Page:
A New Care Solution for Children Living with War
Some 84 million children worldwide experience psychological and social problems as a result of war and violence. Yet for 95 to 99 per cent of these children there is no mental health support available at all.
Professor Mark Jordans - War Child head of Research and Development - outlined his approach to address this urgent situation during a November ceremony to mark the inauguration of the War Child Holland academic chair. In this interview he shares his vision for an integrated system of care and support to meet the needs of vulnerable children worldwide.
How do you provide effective psychological support for children in the difficult conditions of a war zone? This central challenge to our work was the subject of a major speech delivered in November by Professor Mark Jordans.
The special lecture - Improving the Mental Health of Children in Conflict-Affected and Low-Resource Settings: Children’s Steps to Leaps Forward - marked the inauguration of a new War Child Holland academic chair. The ceremony saw Professor Jordans named professor by special appointment of Global Child and Adolescent Mental Health at the University of Amsterdam.
You aim to develop a care system that provides psychosocial support to children in war zones. Which children are we talking about?
“While many people would instantly think of child soldiers - who are extremely vulnerable and whom we naturally support - this group is only small. Every child who is growing up in a war zone faces the immediate consequences of war. They might witness air strikes, suffer the loss of family members or friends in the hostilities or experience poverty. These are just a few examples. War also has indirect consequences - the cornerstone of society is eroded and moral values lapse. This situation may expose children to sexual abuse, among other serious forms of maltreatment. It also puts pressure on the school system as well as on parents - which in turn may cause abuse and neglect. All these children are encompassed in the care system that we are developing.”
How can you - as a scientist - help to improve the circumstances of these children?
“I use science to improve immediate psychological support for conflict-affected children. A large number of these children either do not receive support for the psychosocial issues they face, or they receive support that has not been proven to be effective. My research explores evidence-based methods that we know work - and that will enable me to develop a range of care that can be applied by relief organisations in different contexts. And I don’t just mean War Child - we cannot do it alone. These interventions rely on the support of organisations including UNICEF, Plan and SOS Children’s Villages.”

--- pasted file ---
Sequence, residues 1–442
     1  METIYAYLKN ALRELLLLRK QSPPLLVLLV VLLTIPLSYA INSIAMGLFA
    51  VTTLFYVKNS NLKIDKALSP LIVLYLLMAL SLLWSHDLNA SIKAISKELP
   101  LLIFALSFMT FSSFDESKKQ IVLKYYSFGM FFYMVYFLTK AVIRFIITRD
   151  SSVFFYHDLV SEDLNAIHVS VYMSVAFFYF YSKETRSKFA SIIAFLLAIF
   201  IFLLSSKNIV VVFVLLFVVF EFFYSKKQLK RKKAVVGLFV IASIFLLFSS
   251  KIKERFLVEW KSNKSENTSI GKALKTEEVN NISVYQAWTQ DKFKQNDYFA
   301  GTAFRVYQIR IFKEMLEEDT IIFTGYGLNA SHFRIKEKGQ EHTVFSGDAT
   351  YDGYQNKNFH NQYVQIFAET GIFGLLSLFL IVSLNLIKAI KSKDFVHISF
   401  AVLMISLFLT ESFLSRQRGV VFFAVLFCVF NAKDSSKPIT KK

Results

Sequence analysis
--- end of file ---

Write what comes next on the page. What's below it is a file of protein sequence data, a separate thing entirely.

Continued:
What is this care system made up of?
“To name an example, we have developed a protocol intervention in cooperation with the World Health Organisation. A group of children spend seven sessions getting to know each other, learning to understand their emotions and taking a different approach to address any issues. They also learn how to boost their social support base and identify activities that they enjoy. This intervention is led by a member of the local community who attends a bi-weekly training session for this purpose.”
Are the parents also involved?
“They are targeted in our interventions as well. Stress has a strong negative impact on parent’s attitude towards their children and may result in abuse. Our method provides techniques that help to reduce high levels of stress amongst parents and caregivers - after which the relationship with their child will improve.”
Do parents want to take part in these training sessions - even when they are living in war zones and/or refugee camps with their children?
“Yes. It’s often the case that they feel overwhelmingly powerless and insufficient as parents - so they are thrilled when they are able to participate in the intervention. We frequently hear parents say that they are able to cope so much better afterwards. And the good thing is that it’s not just mothers who take part - also fathers. Prior to the relaxation exercises, we explain why we’re doing them and how stress affects the brain. They really appreciate and respond well to this information. The same goes for the MP3 players that we use in the relaxation exercises - parents enjoy using them.”
It goes without saying that these training sessions cannot change the circumstances in which children and their parents live. Why is it still so important that we support them in this way?
“Any immediate support that you can offer - particularly in the aftermath of a conflict or crisis - is proven to improve children’s well-being. The help that you provide at that moment is crucial. For example, children will be less prone to suicidal thoughts. This point alone is worth the effort, in my opinion. From the perspective of public health, a minor improvement among a population will have a huge impact on society at large.”
Could these interventions help to prevent war as well?
“While this fact is very difficult to establish, it has been proven that violence is often passed on from generation to generation. We might perhaps contribute towards breaking this cycle.”
To what extent are you emotionally involved in your work?
“I do not experience fierce emotions on a daily basis. Let’s be honest: I spend much of my time working away on my laptop in a safe environment. Academically speaking, maintaining this distance to your subject is required in order to do a good job. By contrast, I previously worked as a child psychologist in the earthquake zones of Kashmir and Nepal in India. The chaos and suffering there was much more tangible. Yes, these situations do make me emotional.”
Want to learn more? Discover the War Child Care System in practice in the dedicated section of this report.